Current state-of-the-art global climate models predict substantial warming in response to increases in greenhouse gases such as carbon dioxide. The models, though, disagree widely in the magnitude of the warming we can expect. The disagreement among models is mainly due to the different representation of clouds. Some models predict that global mean cloud cover will increase in a warmer climate and the increased reflection of solar radiation will limit the predicted global warming. Other models predict reduced cloudiness and magnified warming.
In a paper recently published in the Journal of Climate, University of Hawai‘i at Mānoa researchers have assessed the performance of current global models in simulating clouds and have presented a new approach to determining the expected cloud feedbacks in a warmer climate.
“All the global climate models we analyzed have serious deficiencies in simulating the properties of clouds in present-day climate,” said lead author Axel Lauer of UH Mānoa’s International Pacific Research Center. “It’s unfortunate that the global models’ greatest weakness may be in the one aspect that is most critical for predicting the magnitude of global warming.”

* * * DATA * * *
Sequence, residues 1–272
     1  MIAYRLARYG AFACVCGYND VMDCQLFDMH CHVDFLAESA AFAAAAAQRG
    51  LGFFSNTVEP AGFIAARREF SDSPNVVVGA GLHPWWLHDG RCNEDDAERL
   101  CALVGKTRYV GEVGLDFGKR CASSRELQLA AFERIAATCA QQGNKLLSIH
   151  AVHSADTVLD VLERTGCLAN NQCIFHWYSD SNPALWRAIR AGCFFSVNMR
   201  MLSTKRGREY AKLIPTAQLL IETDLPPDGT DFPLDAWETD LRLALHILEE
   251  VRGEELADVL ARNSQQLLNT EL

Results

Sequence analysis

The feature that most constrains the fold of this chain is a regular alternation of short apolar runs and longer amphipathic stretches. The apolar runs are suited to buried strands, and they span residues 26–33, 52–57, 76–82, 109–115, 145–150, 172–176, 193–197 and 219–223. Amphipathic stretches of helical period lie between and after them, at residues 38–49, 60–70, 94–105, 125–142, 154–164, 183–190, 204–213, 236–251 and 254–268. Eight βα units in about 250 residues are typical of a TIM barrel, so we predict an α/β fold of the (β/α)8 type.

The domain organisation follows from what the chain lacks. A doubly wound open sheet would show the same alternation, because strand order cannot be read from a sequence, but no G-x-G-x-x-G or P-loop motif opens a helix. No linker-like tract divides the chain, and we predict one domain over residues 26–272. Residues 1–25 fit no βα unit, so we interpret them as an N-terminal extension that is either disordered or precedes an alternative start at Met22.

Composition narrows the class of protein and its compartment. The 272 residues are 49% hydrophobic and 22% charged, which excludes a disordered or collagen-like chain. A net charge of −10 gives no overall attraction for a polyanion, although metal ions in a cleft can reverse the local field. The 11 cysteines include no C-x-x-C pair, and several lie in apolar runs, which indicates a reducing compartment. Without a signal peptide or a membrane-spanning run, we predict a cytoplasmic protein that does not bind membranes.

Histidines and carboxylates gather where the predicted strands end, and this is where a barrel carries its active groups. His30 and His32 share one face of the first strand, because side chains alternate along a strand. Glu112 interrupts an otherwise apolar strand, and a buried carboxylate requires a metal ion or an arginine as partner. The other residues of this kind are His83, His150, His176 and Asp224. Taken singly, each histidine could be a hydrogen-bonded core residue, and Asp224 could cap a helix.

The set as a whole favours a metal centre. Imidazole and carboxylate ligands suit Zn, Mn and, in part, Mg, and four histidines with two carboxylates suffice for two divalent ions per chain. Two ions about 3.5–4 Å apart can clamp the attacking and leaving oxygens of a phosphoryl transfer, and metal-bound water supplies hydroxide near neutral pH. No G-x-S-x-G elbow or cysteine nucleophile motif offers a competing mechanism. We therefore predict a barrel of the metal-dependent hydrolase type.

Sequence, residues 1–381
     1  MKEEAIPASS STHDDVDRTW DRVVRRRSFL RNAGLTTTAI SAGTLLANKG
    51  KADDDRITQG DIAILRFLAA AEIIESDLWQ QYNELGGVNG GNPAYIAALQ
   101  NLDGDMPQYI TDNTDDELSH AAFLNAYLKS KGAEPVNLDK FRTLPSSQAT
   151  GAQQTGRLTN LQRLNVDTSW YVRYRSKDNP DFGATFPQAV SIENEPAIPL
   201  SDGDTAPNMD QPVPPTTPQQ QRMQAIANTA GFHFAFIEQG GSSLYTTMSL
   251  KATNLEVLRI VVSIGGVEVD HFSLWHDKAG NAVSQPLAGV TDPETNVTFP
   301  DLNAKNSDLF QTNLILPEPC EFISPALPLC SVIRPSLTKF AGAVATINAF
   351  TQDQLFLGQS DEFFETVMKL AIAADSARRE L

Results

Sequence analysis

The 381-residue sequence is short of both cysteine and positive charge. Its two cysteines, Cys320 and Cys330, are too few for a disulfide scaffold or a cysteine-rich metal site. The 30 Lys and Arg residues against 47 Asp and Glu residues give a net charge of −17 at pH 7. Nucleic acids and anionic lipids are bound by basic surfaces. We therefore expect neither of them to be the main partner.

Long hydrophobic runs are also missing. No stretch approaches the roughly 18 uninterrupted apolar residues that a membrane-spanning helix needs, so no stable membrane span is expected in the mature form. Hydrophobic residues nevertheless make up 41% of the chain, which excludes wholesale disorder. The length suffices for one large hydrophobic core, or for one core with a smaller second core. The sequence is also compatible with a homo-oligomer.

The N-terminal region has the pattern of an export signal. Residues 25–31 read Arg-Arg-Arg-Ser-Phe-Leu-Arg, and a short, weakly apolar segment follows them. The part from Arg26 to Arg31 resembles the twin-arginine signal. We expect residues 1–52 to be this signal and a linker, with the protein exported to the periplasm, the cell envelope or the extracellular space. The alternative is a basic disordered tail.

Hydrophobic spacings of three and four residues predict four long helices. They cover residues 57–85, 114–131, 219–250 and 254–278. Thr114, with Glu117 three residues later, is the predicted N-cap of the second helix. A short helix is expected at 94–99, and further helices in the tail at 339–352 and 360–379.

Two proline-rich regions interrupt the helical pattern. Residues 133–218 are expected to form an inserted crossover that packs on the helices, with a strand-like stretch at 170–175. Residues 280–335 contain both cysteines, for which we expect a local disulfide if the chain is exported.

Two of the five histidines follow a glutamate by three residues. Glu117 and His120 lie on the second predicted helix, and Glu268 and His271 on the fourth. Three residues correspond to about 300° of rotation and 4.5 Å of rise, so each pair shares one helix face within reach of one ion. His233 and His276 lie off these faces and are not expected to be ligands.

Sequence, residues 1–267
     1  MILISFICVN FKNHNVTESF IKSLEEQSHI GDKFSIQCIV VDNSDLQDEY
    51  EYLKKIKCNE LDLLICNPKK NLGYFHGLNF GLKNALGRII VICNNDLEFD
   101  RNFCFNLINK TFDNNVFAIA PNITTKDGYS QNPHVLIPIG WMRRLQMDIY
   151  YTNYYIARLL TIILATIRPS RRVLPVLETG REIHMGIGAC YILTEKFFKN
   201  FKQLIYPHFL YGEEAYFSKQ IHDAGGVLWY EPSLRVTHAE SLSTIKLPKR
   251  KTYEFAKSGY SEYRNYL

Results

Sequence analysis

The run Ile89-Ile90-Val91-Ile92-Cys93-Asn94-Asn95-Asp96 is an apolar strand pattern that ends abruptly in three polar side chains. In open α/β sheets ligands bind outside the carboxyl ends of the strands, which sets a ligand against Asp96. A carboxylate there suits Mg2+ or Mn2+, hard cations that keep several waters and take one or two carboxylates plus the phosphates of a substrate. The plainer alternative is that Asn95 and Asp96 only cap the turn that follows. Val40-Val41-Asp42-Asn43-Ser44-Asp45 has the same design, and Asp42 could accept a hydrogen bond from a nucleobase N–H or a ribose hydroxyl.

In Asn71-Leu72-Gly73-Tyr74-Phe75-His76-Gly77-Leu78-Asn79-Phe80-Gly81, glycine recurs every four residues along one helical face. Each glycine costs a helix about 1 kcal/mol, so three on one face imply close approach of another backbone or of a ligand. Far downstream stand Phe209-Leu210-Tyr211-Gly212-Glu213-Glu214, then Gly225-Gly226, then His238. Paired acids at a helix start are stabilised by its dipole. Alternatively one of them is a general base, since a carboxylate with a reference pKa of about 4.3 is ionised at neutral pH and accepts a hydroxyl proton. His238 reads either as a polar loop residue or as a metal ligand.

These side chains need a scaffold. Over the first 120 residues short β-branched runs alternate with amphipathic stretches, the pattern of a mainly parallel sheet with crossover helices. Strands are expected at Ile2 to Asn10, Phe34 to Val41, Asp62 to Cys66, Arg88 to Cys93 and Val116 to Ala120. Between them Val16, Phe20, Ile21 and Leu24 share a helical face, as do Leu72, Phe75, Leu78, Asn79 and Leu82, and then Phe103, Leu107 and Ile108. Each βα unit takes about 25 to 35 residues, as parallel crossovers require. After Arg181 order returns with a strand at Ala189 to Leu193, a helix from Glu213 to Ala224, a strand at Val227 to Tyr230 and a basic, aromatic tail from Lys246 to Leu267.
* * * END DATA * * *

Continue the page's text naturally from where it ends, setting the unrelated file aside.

To study the clouds, the researchers applied a model representing only a limited region of the atmosphere over the eastern Pacific Ocean and adjacent land areas. The clouds in this region are known to greatly influence present climate, yet current global models do poorly in representing them. The regional model, developed at the IPRC, successfully simulates key features of the region’s present-day cloud fields, including the observed response of clouds to El Nino. Having evaluated the model’s simulation of present-day conditions, the researchers examined the response of simulated clouds in a warmer climate such as it might be in 100 years from now. The tendency for clouds to thin and cloud cover to reduce was more pronounced in this model than in any of the current global models.
Added co-author Kevin Hamilton of IPRC, “If our model results prove to be representative of the real global climate, then climate is actually more sensitive to perturbations by greenhouse gases than current global models predict, and even the highest warming predictions would underestimate the real change we could see.”
*Source: University of Hawaii at Mānoa